Each assessment process requires an assessment report to be prepared and provided to the Commonwealth Environment Minister together with any other assessment documentation pertaining to relevant impacts. The matters to be addressed by the assessment report are also specified and include not only a description of the action and its impacts, feasible mitigation measures and any feasible alternatives, but also a statement of approval conditions that may be imposed to address identified impacts on MNES and State approval requirements and conditions that are proposed to apply.
What does this mean for future development in Victoria?
If the draft Bilateral Agreement can achieve its stated objectives, it will minimise costs associated with duplication of environmental impact assessment processes under both Victorian legislation and the controlled action provisions of the EPBC Act without radically changing the basic framework in which the two systems operate.
The Agreement includes administrative procedures to support the accredited assessment processes, with many of these measures likely to lead to a further streamlining of the assessment process. For example, the Commonwealth and Victoria will agree to develop administrative arrangements to streamline the referral process so as to allow proponents to simultaneously satisfy both the EPBC Act and Victorian legislative requirements where possible.
The need to avoid inconsistent approval conditions is also recognised, with the Commonwealth and Victoria agreeing to consult one another in respect of approval conditions, including any variation of approval conditions.
It is also proposed that the Commonwealth and Victoria agree to co-operate in the ongoing monitoring of proponent compliance with approval conditions. The stated rationale for these arrangements is to reduce the burden on the proponent by ensuring that reporting and other monitoring requirements are not duplicated.
However, the use of accredited assessment processes under bilateral agreements in other jurisdictions has not been without its critics.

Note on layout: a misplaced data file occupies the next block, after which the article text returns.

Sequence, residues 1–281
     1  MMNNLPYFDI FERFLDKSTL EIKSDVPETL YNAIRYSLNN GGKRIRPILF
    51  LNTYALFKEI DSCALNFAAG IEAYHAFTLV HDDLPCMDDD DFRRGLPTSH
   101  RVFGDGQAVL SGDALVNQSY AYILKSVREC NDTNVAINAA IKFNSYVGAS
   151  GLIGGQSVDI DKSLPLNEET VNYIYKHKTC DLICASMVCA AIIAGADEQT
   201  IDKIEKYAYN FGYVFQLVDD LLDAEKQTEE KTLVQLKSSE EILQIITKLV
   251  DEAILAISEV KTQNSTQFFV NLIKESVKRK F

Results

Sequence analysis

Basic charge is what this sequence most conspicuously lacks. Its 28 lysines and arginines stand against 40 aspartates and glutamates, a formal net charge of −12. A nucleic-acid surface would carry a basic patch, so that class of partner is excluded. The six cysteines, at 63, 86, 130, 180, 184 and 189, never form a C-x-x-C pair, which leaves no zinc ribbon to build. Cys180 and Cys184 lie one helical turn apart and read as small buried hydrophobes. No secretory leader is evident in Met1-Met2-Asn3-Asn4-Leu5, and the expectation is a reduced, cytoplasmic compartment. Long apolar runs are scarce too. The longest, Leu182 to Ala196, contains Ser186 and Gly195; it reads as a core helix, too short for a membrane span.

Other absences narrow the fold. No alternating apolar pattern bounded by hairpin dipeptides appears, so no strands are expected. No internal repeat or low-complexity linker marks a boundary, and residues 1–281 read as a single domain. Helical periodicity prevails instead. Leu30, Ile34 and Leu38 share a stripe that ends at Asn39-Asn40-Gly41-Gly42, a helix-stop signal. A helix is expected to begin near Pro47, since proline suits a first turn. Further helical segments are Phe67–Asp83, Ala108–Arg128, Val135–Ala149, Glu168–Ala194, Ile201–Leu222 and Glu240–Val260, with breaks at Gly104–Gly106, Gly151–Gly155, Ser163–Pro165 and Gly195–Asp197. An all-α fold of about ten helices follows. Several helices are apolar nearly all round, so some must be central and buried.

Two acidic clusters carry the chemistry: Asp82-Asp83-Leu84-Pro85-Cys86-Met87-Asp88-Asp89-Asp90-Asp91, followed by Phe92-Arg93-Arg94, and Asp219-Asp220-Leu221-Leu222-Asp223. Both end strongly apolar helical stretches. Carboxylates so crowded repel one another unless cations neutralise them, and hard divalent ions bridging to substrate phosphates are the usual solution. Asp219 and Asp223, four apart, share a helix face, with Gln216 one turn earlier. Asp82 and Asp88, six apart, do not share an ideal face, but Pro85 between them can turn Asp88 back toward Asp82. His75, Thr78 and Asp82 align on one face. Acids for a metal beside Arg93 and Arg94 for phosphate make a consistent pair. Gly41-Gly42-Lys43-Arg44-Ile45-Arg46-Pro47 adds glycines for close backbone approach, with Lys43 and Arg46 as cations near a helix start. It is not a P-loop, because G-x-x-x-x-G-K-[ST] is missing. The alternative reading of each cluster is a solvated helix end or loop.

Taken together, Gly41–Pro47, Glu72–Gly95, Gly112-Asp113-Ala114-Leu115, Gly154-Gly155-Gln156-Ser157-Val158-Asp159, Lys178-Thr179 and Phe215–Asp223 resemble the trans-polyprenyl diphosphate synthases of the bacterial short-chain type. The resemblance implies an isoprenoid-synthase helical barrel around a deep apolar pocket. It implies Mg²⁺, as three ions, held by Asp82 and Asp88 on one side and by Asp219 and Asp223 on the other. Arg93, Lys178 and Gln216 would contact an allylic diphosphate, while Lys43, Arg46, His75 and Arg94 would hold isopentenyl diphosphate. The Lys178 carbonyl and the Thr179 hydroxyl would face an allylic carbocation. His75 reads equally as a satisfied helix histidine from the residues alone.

Have bilateral agreements in other jurisdictions been successful?
Bilateral agreements for environmental impact assessment already exist between the Commonwealth and South Australia, New South Wales, Queensland, the Northern Territory, Tasmania and Western Australia. Victoria and the Australian Capital Territory are the only jurisdictions yet to sign bilateral agreements of this nature with the Commonwealth.
Bilateral agreements must be reviewed every five years to determine whether or not they are meeting their objectives. Favourable reviews of the Western Australia and the Northern Territory Bilateral Agreements were delivered in 2006. However, perhaps the best gauge of the effectiveness of bilateral agreements will be providedby the Senate Inquiry into the operation of the EPBC Act and at the conclusion of the current EPBC Act Independent Review by Dr Allan Hawke.
With over 100 public submissions to the Senate Inquiry and over 200 public submissions to the Hawke Review, a wide range of issues were raised by stakeholders in relation to the operation of the EPBC Act. Of those submissions that commented on the effectiveness of bilateral agreements, a key concern was that despite the current environmental assessment bilateral agreements there was evidence that proponents continued to experience duplication and overlap between Commonwealth and State/Territory assessment processes.
Concerns were also raised by environmental groups that the accredited assessment arrangements under the bilateral agreements did not adequately protect MNES, arguing that some accredited assessment processes have less rigorous assessment requirements to protect MNES than those of the EPBC Act. For example, in a submission to the Hawke Inquiry, the World Wildlife Fund stated:
"For the most part the Bilateral Agreements negotiated to date have led to streamlining of processes but have had questionable impact on raising the standards for protection for MNES and accountability of approval processes and subsequent conditions or offsets. This is an opportunity lost and the South Australia's recent bilateral is a case in point."
In order to address these concerns, the Senate Inquiry recommended that the Hawke Review and/or the Australian National Audit Office further examine the effect of existing bilateral agreements on the quality of environmental assessments on MNES.
Despite some of the concerns raised over the effectiveness of bilateral agreements, submissions from both industry and State/Territory governments to the Senate Inquiry and Hawke Review indicate a desire for an even greater role for bilateral agreements under the EPBC Act, particularly with respect to the accreditation of State approval processes.
While at the time of writingwe await the findings of theHawke Review, it would appear that assessment bilateral agreements are likely to remain a key feature of the EPBC Act as is apparent by the proposed Victorian Bilateral Agreement. The challenge will remain in ensuring bilateral agreements allow for streamlining of assessment and approvals processes while continuing to adequately assess MNES.
Thanks to Natalie Hewitt and Elina Spilia for their assistance in writing this article.